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Endurance: Shackleton's Incredible Voyageby Alfred Lansing
Synopses & Reviews
Days before the outbreak of World War One renowned explorer Ernest Shackleton and a crew of twenty-seven set sail to attempt the first crossing on foot of the Antarctic continent. More than eighty miles from their destination, however, their ship Endurance was trapped and then crushed by ice. The crew were left stranded on ice blocks, set adrift as castaways for the next five months in the most savage of climates and terrain. After five months in open boats on freezing seas, tackling overland treks across savage glaciers the crew made it to safety, astonishingly without one single life lost. First published in 1959, and a bestseller ever since, Alfred Lansing's Endurance is not only the best of the many books about Shackleton's famous 1915 expedition, it is also one of the best - and most popular - adventure books ever written. Lansing consulted with ten of the surviving members and gained access to diaries and personal accounts by eight others to produce this remarkable account of a daily struggle just to stay alive. This is a tale of human courage, inspirational leadership and one of the most riveting stories ever told.
In August 1914, days before the outbreak of the First World War, the renowned explorer Ernest Shackleton and a crew of twenty-seven set sail for the South Atlantic in pursuit of the last unclaimed prize in the history of exploration: the first crossing on foot of the Antarctic continent. Weaving a treacherous path through the freezing Weddell Sea, they had come within eighty-five miles of their destination when their ship, Endurance, was trapped fast in the ice pack. Soon the ship was crushed like matchwood, leaving the crew stranded on the floes. Their ordeal would last for twenty months, and they would make two near-fatal attempts to escape by open boat before their final rescue.
Drawing upon previously unavailable sources, Caroline Alexander gives us a riveting account of Shackleton's expedition — one of history's greatest epics of survival. And she presents the astonishing work of Frank Hurley, the Australian photographer whose visual record of the adventure has never before been published comprehensively. Together, text and image re-create the terrible beauty of Antarctica, the awful destruction of the ship, and the crew's heroic daily struggle to stay alive, a miracle achieved largely through Shackleton's inspiring leadership.
The survival of Hurley's remarkable images is scarcely less miraculous: The original glass plate negatives, from which most of the book's illustrations are superbly reproduced, were stored in hermetically sealed cannisters that survived months on the ice floes, a week in an open boat on the polar seas, and several more months buried in the snows of a rocky outcrop called Elephant Island. Finally Hurley was forced to abandon his professional equipment; he captured some of the most unforgettable images of the struggle with a pocket camera and three rolls of Kodak film.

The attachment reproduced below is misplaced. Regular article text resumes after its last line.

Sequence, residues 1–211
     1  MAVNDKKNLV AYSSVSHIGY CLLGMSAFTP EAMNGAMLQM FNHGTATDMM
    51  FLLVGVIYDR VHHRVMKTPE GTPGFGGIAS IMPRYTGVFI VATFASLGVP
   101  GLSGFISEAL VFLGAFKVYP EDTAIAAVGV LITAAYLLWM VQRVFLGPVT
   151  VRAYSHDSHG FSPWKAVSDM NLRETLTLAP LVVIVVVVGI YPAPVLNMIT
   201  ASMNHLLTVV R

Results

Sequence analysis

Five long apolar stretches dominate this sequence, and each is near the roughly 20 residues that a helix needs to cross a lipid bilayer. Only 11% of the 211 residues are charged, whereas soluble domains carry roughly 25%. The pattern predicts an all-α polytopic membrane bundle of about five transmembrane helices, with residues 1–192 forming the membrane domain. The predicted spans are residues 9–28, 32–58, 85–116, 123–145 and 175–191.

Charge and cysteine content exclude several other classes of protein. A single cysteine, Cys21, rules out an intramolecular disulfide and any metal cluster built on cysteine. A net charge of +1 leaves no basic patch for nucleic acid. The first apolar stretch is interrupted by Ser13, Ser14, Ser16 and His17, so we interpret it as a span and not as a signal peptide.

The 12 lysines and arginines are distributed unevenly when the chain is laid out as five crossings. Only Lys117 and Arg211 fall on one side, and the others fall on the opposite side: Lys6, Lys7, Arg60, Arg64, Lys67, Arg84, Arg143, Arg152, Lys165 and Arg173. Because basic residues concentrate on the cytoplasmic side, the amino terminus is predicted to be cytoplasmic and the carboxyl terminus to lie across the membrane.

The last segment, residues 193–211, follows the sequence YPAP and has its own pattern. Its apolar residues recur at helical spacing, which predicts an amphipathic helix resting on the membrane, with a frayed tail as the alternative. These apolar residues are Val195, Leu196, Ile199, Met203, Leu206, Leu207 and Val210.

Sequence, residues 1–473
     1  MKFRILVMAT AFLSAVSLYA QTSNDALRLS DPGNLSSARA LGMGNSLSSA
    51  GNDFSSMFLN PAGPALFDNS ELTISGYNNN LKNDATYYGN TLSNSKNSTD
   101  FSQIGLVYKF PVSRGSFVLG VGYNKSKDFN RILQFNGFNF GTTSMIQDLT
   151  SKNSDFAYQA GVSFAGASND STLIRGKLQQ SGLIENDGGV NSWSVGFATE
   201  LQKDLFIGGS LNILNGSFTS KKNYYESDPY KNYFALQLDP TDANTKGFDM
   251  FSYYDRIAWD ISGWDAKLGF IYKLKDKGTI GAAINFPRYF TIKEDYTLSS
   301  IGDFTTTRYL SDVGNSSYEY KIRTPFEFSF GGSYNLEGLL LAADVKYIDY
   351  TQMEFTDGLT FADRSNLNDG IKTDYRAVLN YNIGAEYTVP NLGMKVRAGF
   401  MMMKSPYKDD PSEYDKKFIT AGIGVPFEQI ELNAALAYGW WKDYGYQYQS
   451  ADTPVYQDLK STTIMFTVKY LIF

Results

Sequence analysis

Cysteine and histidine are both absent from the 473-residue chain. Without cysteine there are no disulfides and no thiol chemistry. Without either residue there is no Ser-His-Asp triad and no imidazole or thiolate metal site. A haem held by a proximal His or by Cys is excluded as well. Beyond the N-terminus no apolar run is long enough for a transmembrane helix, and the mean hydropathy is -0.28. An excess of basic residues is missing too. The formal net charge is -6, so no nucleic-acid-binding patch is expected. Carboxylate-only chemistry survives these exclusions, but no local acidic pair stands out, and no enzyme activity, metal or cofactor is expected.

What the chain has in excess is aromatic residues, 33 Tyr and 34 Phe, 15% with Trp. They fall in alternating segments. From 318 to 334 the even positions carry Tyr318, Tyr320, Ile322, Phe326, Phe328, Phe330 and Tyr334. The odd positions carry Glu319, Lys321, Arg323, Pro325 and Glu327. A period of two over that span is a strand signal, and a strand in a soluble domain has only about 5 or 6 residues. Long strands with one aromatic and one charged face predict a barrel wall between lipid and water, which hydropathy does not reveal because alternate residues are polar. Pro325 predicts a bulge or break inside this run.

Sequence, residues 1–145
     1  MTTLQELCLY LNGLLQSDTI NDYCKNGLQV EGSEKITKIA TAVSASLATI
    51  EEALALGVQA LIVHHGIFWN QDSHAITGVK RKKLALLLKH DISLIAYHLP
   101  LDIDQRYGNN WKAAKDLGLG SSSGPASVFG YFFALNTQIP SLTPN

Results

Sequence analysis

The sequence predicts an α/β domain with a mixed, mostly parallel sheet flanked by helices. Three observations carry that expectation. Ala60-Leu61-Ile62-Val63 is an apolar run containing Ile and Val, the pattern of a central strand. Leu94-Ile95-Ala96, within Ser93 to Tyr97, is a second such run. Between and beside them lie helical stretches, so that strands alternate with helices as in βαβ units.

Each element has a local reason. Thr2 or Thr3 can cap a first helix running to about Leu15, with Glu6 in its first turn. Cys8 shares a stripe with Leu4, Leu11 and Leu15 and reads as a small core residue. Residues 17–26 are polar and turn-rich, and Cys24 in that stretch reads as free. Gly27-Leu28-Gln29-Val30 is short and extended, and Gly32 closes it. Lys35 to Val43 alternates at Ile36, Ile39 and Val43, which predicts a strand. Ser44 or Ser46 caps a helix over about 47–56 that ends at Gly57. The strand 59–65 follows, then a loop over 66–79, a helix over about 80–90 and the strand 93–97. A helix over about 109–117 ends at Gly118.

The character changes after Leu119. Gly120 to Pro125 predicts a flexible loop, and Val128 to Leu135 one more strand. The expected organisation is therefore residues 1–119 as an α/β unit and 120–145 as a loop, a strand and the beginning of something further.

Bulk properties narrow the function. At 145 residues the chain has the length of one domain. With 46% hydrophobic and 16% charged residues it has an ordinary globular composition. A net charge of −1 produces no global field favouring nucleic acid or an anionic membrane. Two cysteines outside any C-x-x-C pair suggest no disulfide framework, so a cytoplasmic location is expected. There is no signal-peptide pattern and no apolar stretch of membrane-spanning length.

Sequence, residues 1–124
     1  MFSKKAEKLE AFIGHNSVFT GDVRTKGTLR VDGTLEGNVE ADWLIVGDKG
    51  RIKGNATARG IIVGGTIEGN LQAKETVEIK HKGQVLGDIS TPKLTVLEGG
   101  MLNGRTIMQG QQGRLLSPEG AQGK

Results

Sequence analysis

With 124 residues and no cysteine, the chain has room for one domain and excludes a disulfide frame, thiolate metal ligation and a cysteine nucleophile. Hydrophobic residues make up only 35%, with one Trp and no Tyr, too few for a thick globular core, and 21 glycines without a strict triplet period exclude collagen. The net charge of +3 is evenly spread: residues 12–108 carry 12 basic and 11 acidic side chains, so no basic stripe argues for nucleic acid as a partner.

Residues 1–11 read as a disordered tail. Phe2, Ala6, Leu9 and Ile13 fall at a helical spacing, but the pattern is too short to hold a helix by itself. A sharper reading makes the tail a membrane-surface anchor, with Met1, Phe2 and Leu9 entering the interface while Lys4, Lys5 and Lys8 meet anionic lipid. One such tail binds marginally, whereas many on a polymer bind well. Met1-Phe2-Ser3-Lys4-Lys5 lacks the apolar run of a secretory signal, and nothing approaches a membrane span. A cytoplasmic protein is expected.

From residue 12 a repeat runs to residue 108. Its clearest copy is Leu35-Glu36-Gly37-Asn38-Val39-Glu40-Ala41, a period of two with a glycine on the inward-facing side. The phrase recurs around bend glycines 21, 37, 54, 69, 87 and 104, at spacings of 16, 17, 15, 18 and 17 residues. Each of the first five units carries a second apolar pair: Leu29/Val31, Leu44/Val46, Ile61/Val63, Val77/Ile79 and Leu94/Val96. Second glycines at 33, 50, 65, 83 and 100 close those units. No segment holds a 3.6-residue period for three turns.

Published in conjunction with the American Museum of Natural History's landmark exhibition on Shackleton's journey, The Endurance thrillingly recounts one of the last great adventures in the Heroic Age of exploration — perhaps the greatest of them all.
In December 1914 Sir Ernest Shackleton and a crew of twenty-seven men set sail from South Georgia for the South Pole aboard the Endurance, the object of their expedition to cross Antarctica overland. A month later the ship was beset in the ice of the Weddell Sea, just outside the Antarctic Circle. Temperatures dropped to 35 degrees Celsius below zero. Ice-moored, the Endurance drifted northwest for ten months before it was finally crushed. The ordeal, however, had barely begun. Now illustrated with expedition photographer Frank Hurley's breathtaking images of the crew, the wildlife, the stark beauty of the land and terrors of the sea at every stage of this grueling adventure, Alfred Lansing's already compelling narrative assumes even more staggering dramatic power in its depiction of the heroic endurance of Shackleton and his twenty-seven indefatigably courageous men.
Bound for Antarctica, where polar explorer Ernest Shackleton planned to cross on foot the last uncharted continent, the Endurance set sail from England in August 1914. In January 1915, after battling its way for six weeks through a thousand miles of pack ice and now only a days sail short of its destination, the Endurance became locked in an island of ice.
For ten months the ice-moored Endurance drifted northwest before it was finally crushed. But for Shackleton and his crew of twenty-seven men the ordeal had barely begun. It would end only after a near-miraculous journey by Shackleton and a skeleton crew through over 850 miles of the South Atlantics heaviest seas to the closest outpost of civilization.
This astonishing tale of survival by Shackleton and all twenty-seven of his men for over a year on the ice-bound Antarctic seas, as Time magazine put it, defined heroism.” Alfred Lansings brilliantly narrated book has long been acknowledged as the definitive account of the Endurances fateful trip.
About the Author
Caroline Alexander has written for the New Yorker, Granta, Condé Nast Traveler, Smithsonian, Outside, and National Geographic, and is the author of four previous books. She is the curator of "Endurance: Shackleton's Legendary Expedition," an exhibition that will open at the American Museum of Natural History in March 1999. She lives on a farm in New Hampshire.
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